What We Should Be Talking About (UPDATED)

In the debate over health care reform, we have lost sight of why we need reform in the first place and of the health care crisis that precipitated this controversy.

Of course, this confusion is by design–conservatives know we have a health care crisis and that the American people support reform, so they resort to spreading misinformation and inventing diversionary controversies to distract from the underlying problems.

So, why do we need health care reform?

Because a free clinic in Inglewood, CA, became swamped by thousands upon thousands of people in need of medical care:

On Tuesday, the Forum underwent a transformation, from sports arena to triage and treatment center. One volunteer likened it to a “giant battleship floating hospital,” with row upon row of rooms where, by next Wednesday, more than 8,000 people will have received free medical attention.

But they need more help. Volunteers – both medical professionals and non-medical helpers – are needed to help the thousands of patients lined up in the Inglewood parking lot.

[Emphasis mine]


The free health care clinic at the Forum in Inglewood has hit capacity. If you don’t already have a wristband, you won’t be let in.

Officials handed out 1,800 wristbands on Thursday. Demand has been so great that people are now being turned away.


But the possibility of free dental care, eye care and other medical examinations is still drawing people to the forum.

“They said that they gave out all their numbers, but I could sit out here, and perhaps some people wouldn’t show up, and that maybe I could be seen, and I’m hoping that I can,” said local resident Richard Roberts.

About 1,500 people turned out on the first day, and there weren’t enough health care professionals on hand to see them, so they’ve been trying to play catch-up every since.

[Emphasis added]

Because even though conservatives tell us we have the best health care system in the world, sick Americans are traveling to other countries for medical care because they can’t afford it here:

A new survey funded by Your Surgery Abroad, an online directory of medical tourism, found that more than 60 percent of Americans are willing to leave the country for cheaper medical services. “As people’s budgets in America are getting tighter, they’re much more inclined to start thinking about going abroad to save money,” says Adam Nethersole, the managing director of Your Surgery Abroad.


And while more elective procedures like rhinoplasty and face-lifts used to attract consumers to exotic lands, a growing number of Americans are now traveling abroad for essential procedures like cardiology and cancer treatments.

[Emphasis mine]

Because the United States ranks 50th in the world for life expectancy:

1	Macau	       84.36
2	Andorra	       82.51
3	Japan	       82.12
4	Singapore      81.98
5	San Marino     81.97
6	Hong Kong      81.86
7	Australia      81.63
8	Canada	       81.23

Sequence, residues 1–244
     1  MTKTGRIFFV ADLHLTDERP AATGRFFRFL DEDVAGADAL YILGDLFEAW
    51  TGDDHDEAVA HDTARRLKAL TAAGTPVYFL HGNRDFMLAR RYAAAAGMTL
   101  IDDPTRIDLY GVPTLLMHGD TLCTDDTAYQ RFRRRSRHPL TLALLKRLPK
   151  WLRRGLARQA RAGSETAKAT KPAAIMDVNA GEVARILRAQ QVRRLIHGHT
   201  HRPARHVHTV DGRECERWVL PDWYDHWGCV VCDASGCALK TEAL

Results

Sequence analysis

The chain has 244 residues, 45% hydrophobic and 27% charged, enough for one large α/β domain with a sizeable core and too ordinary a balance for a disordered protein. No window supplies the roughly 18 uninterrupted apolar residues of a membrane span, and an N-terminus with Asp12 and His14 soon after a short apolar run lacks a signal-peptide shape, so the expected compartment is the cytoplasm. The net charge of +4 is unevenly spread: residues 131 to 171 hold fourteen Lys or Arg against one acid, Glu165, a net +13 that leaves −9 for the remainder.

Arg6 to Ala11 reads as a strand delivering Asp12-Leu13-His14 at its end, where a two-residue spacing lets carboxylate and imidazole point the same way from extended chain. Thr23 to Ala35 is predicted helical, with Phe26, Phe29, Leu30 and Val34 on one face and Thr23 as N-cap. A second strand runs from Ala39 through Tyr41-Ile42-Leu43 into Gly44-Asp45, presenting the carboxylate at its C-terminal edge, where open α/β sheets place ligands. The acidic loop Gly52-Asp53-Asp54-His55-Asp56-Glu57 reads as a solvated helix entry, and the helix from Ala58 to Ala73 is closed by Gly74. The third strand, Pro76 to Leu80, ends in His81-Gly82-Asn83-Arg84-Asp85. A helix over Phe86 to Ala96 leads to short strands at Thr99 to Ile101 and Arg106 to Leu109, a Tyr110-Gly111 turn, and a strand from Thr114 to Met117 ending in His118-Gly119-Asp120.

9	France	       80.98
10	Sweden	       80.86

49	Wallis         78.20
          and Futuna
50	United States  78.11
51	Albania	       77.96

[List is ordered from best to worst]

Because the United States ranks 44th in terms of infant mortality:

178	Croatia	       6.37
179	Faroe Islands  6.32
180	United States  6.26


214	Norway	       3.58
215	Anguilla       3.52
216	Finland	       3.47
217	France	       3.33
218	Iceland	       3.23
219	Macau	       3.22
220	Hong Kong      2.92
221	Japan	       2.79
222	Sweden	       2.75
223	Bermuda	       2.46
224	Singapore      2.31

[List is ordered from worst to best]

Because, despite our mediocre ranking on those basic indicators, the United States spends more than any other country on Earth for health care:



[Click on pics for larger versions]

The United States of America pays more than anyone else for health care, but we get less in return. Our system is designed to benefit the health industrial complex at all of our expense.

Conservatives want you to forget that we have a health care crisis. They want you to forget how many people are uninsured, how many people have lost insurance, how many people pay too much and get too little, how many people were denied coverage due to a preexisting condition, how many people were stripped of their coverage because they became too sick.

But these are the things we should be talking about, the things we need to talk about. Don’t fall for the diversions, the roadblocks that the right continually tosses up–we have a health care crisis, and something needs to be done about it lest more Ameicans are forced to get health care at overpacked free clinics or in countries like Singapore and Japan.

UPDATE: Digby brings us this handy graphic:


So conservatives are telling us that we can’t build a health care system as good as the one they have in the UK, or France, or even Singapore. They’re saying we’re just not good enough to have the same kind of health care all those other countries get.

What do you think? Do you think the United States can’t be as good as Singapore? Do you think that the U.S., the greatest country in the world, should just settle for health care mediocrity?